Jordan will have surgery tomorrow to repair the torn lateral meniscus in his left knee. Dr. Clarence Shields of the Kerlan-Jobe Orthopaedic Group will perform the surgery.
MEMPHIS, Tenn. — It wasn’t exactly a pouring rain that greeted the Lakers’ plane as it touched down here in Memphis late Saturday night, merely a bitter cold snap in the Mid-South.
The sunshine of Florida, from whence they came, might have felt good, but it hadn’t translated into any victories. And so they flew north, hoping a game against the young Memphis Grizzlies might send their their fortunes in the same direction.
It didn’t have to be melodic, or methodic, any win would do. Which is exactly what they got in a rather ho-hum 105-96 win over the Grizzlies at the FedEx Forum Monday night.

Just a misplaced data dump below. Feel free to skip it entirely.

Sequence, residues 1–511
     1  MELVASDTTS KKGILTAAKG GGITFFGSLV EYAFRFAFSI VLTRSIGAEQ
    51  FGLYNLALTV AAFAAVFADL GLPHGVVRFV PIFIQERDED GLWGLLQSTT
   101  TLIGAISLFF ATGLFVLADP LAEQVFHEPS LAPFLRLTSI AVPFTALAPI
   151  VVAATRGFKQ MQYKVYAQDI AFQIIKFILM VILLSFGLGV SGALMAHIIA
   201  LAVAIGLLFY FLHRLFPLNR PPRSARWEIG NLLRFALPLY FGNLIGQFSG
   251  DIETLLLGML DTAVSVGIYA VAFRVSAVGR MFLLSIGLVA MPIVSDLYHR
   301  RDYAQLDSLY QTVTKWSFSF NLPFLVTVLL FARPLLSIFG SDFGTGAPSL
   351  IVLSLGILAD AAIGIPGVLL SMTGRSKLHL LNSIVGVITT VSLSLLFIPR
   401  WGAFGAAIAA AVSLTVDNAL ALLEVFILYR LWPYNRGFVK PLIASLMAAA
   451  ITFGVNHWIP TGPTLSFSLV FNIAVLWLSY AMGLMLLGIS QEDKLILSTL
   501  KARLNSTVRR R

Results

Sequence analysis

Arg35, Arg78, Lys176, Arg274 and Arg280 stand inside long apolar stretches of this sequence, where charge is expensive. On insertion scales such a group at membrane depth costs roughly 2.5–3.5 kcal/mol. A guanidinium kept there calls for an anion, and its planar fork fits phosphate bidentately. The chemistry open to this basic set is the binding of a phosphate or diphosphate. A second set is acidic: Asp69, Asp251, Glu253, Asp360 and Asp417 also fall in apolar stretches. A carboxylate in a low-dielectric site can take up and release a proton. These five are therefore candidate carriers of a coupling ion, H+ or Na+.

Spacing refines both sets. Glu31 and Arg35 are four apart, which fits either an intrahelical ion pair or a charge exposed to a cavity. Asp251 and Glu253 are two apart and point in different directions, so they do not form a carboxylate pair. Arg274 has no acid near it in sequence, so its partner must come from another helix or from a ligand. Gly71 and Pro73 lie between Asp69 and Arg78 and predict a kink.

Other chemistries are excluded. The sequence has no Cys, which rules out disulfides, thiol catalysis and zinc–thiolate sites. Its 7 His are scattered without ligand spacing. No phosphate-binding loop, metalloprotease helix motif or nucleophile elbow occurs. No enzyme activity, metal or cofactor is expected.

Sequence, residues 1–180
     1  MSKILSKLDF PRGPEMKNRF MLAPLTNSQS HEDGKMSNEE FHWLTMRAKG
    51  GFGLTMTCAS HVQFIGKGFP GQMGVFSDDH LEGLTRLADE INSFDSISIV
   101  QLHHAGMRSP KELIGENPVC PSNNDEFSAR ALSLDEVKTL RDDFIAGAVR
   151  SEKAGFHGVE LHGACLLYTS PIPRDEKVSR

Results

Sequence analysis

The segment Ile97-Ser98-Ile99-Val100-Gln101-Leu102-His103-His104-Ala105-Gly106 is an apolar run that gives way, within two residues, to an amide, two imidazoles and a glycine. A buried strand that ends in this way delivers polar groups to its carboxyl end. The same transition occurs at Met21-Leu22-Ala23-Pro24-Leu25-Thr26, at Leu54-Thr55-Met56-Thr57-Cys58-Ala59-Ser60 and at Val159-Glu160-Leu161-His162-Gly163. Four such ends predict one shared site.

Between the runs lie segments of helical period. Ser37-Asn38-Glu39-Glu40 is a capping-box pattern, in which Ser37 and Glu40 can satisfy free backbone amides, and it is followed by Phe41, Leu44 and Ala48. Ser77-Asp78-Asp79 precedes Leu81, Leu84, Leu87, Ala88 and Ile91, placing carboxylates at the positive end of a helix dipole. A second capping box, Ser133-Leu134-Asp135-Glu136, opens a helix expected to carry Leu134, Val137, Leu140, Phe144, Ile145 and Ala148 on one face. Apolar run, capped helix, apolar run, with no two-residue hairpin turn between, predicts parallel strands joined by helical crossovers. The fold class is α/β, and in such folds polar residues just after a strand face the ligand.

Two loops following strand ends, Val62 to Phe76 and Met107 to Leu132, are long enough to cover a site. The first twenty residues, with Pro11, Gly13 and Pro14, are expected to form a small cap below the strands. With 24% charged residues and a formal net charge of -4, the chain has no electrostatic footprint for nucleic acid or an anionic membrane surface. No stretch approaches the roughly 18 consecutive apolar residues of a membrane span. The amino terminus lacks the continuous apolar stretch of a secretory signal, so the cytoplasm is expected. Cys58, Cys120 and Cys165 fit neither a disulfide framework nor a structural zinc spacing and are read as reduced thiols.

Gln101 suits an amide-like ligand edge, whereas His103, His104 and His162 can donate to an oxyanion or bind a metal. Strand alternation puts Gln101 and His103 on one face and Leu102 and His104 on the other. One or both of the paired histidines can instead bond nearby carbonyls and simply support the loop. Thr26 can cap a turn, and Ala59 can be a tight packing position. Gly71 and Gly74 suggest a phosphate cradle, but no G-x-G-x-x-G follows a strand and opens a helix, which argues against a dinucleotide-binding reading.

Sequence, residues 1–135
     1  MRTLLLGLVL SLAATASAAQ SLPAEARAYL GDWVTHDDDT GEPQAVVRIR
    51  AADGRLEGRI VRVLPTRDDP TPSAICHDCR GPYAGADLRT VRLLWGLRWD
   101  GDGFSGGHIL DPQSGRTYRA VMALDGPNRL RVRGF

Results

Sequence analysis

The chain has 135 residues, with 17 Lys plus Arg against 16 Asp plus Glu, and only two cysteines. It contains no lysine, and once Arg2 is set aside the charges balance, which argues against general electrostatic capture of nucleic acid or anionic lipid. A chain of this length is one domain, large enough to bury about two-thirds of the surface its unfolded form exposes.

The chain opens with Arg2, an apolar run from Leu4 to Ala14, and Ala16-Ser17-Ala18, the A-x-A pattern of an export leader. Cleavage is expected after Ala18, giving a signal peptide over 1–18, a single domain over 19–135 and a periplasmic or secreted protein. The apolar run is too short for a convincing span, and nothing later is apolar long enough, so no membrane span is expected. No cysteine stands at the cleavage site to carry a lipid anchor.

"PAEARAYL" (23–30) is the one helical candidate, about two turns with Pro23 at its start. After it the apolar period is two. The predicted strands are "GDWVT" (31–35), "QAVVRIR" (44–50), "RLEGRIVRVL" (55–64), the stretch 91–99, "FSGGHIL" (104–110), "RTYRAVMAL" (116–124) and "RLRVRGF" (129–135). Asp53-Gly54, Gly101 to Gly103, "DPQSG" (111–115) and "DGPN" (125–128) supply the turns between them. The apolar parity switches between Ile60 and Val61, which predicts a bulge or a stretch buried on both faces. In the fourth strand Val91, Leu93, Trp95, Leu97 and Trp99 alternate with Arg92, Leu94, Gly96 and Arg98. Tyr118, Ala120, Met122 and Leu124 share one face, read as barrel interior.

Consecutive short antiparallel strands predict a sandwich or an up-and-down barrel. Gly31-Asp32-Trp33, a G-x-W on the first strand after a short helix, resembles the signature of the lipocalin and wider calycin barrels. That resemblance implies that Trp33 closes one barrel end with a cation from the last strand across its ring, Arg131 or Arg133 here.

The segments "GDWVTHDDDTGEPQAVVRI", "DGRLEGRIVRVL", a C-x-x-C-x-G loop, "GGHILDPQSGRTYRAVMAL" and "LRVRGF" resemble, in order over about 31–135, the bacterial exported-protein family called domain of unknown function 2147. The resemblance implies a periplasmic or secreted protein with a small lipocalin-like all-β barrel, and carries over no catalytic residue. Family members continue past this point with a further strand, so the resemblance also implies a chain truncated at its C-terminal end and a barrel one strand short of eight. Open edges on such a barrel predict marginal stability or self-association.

“Winning games in this league, some nights it’s easier than others and other nights you really have to work hard to do it,” Lakers guard Derek Fisher said. “ So we’re not ashamed of winning this one at all.
“We feel good about it and we’d like to be able to finish this trip off with another one tommorrow night (against New Orleans).”
After losing the first to games of this four-game trip when their shots at the end of games rattled around and rimmed out, the Lakers finally sunk one Monday night as Kobe Bryant’s 3-pointer with 34.8 seconds gave the Lakers a 99-96 lead they would not relinquish.
“It felt good, like a nice put,” said Bryant, who finished with a game-high 36 points on 14-of-23 shooting.